Osama bin Laden papers include loving notes, terrorist application

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U.S. Releases Documents Seized In Raid That Killed Osama Bin Laden

WASHINGTON (AP) -- During his years in hiding, Osama bin Laden urged followers to concentrate on attacking Americans and wrote bittersweet letters to one of his wives and his children, according to documents released Wednesday by U.S. intelligence officials.

The documents were seized in the al-Qaida leader's compound during the raid in which bin Laden was killed. More than 100 were declassified and published at http://www.dni.gov/index.php/resources/bin-laden-bookshelf?start1

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Osama bin Laden papers include loving notes, terrorist application
U.S. President Barack Obama stands after addressing the nation on TV from the East Room of the White House to make a televised statement May 1, 2011 in Washington, DC. Bin Laden has been killed near Islamabad, Pakistan almost a decade after the terrorist attacks of Sept. 11, 2001 and his body is in possession of the United States. (Photo by Brendan Smialowski-Pool/Getty Images)
In this handout image provided by The White House, President Barack Obama, Vice President Joe Biden, Secretary of State Hillary Clinton and members of the national security team receive an update on the mission against Osama bin Laden in the Situation Room of the White House May 1, 2011 in Washington, DC. Obama later announced that the United States had killed Bin Laden in an operation led by U.S. Special Forces at a compound in Abbottabad, Pakistan. (Photo by Pete Souza/The White House via Getty Images)
A newspaper vendor displays papers heralding the death of Osama Bin Laden on May 2, 2011 in New York City. President Barack Obama announced the death of Osama bin Laden during a late night address to the nation from the White House in Washington on May 1. The mastermind of the September 11 terrorist attacks was killed in an American military operation at a compound in Pakistan. (Photo by Spencer Platt/Getty Images)
US Marines of Regiment Combat Team 1 (RCT 1) watch TV as President Barack Obama announces the death of Osama Bin Laden, at Camp Dwyer in Helman Province, on May 2, 2011. US President Barack Obama said on May 1, 2011 that justice had been done after the September 11, 2001 attacks with the death of Osama bin Laden, but warned that Al-Qaeda will still try to attack the US. (Photo by Bay Ismoyo via AFP/Getty Images)
People celebrate in Times Square after the death of accused 9-11 mastermind Osama bin Laden was announced by U.S. President Barack Obama May 2, 2011 in New York City. Bin Laden was killed in an operation by U.S. Navy Seals in a compound in Abbottabad, Pakistan. (Photo by Mario Tama/Getty Images)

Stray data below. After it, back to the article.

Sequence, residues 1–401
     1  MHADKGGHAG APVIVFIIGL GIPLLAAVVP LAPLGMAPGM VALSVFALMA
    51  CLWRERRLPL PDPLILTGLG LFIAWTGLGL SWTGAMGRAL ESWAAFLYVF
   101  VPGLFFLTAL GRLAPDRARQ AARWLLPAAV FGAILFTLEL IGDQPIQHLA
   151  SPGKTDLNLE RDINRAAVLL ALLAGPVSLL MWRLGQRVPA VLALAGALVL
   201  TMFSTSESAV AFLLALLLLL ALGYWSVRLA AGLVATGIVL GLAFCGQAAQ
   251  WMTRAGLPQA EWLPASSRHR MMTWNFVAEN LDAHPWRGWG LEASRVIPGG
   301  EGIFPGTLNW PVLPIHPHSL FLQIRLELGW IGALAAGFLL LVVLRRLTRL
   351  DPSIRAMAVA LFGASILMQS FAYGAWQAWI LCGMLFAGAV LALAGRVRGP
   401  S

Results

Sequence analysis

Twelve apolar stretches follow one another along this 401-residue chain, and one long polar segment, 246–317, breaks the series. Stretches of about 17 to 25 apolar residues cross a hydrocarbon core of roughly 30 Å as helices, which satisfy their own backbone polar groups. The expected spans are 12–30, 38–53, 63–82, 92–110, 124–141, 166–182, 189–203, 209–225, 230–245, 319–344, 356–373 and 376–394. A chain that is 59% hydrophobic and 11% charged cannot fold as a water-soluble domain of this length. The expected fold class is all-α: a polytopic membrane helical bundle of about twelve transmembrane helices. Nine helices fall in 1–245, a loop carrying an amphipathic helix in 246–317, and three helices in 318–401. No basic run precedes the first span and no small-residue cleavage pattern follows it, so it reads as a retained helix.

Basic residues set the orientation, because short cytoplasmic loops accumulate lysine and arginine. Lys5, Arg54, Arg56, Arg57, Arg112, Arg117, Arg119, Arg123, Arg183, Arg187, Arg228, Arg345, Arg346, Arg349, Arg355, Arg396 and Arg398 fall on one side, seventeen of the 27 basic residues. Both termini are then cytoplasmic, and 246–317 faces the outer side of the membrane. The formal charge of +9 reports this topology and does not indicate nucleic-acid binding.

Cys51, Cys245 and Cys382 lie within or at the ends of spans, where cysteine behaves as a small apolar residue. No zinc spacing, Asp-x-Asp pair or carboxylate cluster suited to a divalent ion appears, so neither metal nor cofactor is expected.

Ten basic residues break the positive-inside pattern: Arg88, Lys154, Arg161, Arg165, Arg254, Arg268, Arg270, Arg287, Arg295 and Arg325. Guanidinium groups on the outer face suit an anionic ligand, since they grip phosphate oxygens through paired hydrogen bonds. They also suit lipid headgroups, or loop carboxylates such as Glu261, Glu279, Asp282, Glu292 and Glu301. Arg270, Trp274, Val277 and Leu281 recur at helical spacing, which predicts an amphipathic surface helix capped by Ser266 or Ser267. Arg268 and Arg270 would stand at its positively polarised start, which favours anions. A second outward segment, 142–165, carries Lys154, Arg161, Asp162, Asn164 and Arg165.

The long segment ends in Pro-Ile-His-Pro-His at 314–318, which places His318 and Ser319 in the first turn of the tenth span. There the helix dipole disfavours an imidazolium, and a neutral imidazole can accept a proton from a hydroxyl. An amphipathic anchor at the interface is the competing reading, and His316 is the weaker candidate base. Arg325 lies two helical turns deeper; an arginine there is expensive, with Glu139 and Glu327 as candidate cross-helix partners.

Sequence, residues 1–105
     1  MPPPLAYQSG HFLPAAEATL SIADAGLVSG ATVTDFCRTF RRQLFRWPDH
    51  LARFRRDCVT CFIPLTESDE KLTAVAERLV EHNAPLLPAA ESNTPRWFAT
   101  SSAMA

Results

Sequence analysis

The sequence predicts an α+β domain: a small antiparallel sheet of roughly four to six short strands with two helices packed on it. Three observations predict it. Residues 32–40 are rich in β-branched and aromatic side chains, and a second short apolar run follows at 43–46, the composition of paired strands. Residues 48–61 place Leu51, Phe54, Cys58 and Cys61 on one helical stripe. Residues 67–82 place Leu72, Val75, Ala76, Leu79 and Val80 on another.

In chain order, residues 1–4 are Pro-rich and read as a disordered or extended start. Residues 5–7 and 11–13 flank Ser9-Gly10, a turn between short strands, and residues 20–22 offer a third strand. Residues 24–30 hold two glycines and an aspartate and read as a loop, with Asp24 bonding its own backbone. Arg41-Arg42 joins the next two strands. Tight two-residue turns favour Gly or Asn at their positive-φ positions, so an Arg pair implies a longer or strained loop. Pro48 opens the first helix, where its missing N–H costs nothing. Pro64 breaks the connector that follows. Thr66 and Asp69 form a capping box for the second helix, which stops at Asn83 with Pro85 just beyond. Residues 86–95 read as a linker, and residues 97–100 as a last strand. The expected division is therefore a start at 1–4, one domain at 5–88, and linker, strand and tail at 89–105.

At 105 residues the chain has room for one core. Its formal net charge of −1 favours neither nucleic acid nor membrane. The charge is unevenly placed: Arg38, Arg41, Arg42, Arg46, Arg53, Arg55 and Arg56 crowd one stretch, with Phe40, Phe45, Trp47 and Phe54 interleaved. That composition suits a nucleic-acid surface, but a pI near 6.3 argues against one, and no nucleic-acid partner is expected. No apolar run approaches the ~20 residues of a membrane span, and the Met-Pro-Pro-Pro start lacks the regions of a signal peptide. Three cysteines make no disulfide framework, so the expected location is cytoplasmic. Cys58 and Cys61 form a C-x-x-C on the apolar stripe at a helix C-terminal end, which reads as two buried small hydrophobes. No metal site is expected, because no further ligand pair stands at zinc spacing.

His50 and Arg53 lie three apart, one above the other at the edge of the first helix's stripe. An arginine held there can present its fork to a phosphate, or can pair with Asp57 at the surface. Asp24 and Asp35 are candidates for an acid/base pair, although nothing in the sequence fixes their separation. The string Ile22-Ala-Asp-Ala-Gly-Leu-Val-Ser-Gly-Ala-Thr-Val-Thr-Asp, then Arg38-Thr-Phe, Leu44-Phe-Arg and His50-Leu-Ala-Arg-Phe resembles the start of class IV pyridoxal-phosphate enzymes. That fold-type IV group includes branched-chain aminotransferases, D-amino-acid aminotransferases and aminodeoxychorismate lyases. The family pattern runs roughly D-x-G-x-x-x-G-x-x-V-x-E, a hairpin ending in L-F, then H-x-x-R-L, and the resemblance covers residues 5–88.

Newspapers left by visitors grace the fence overlooking the crash site of Flight 93 following the announcement that Osama Bin Laden had been killed in Pakistan May 2, 2011 in Shanksville, Pennsylvania. Nearly 10 years after September 11, 2001 construction is underway to erect a formal memorial at the crash site. Last night U.S. President Barack Obama announced that the United States had killed the most-wanted terrorist Osama Bin Laden in an operation led by U.S. Special Forces in a compound in Abbottabad, Pakistan. (Photo by Jeff Swensen/Getty Images)
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The documents include a fill-in-the-blanks job application for terrorist candidates that ranges from typical questions about education and hobbies to "Do you wish to execute a suicide operation?"

Altogether, the 103 papers and videos add new texture to the world's picture of the mastermind of the Sept. 11 terror attacks, much of it in his own words. They include videos and images of letters in Arabic, with the English translations by intelligence officials.

The material was recovered in the May 2011 raid on bin Laden's compound in Abbottabad, Pakistan, the Office of the Director of National Intelligence said. It said it was being made public after a rigorous review by government agencies, as required by a 2014 law.

U.S. officials had said at the time of his death that they believed bin Laden had become so isolated in his hideout that he no longer exercised the level of control over al-Qaida operations that he had in the past.

In one letter, bin Laden urges one of his deputies to inform "our brothers" they must keep their focus on fighting Americans. Their "job is to uproot the obnoxious tree by concentrating on its American trunk, and to avoid being occupied with the local security forces," bin Laden writes.

Another bin Laden letter mocks President George W. Bush's "war on terror," saying it had not achieved stability in Iraq or Afghanistan and questioning why U.S. troops were "searching for the lost phantom" - weapons of mass destruction in Iraq. No date is included on the U.S. translation.

In a video letter to one of his wives, also described as bin Laden's "last will," he says, "Know that you do fill my heart with love, beautiful memories, and your longsuffering of tense situations in order to appease me and be kind to me."

Among the documents is an al-Qaida job application that begins with the mundane, asking applicants to "please write clearly and legibly."

It asks conventional questions, such as has the applicant ever been convicted of a crime, before veering into more chilling territory, including: "What objectives would you like to accomplish on your jihad path?"

It then asks whether the applicant wishes to execute a suicide mission.

It ends: "Who should we contact in case you become a martyr?"


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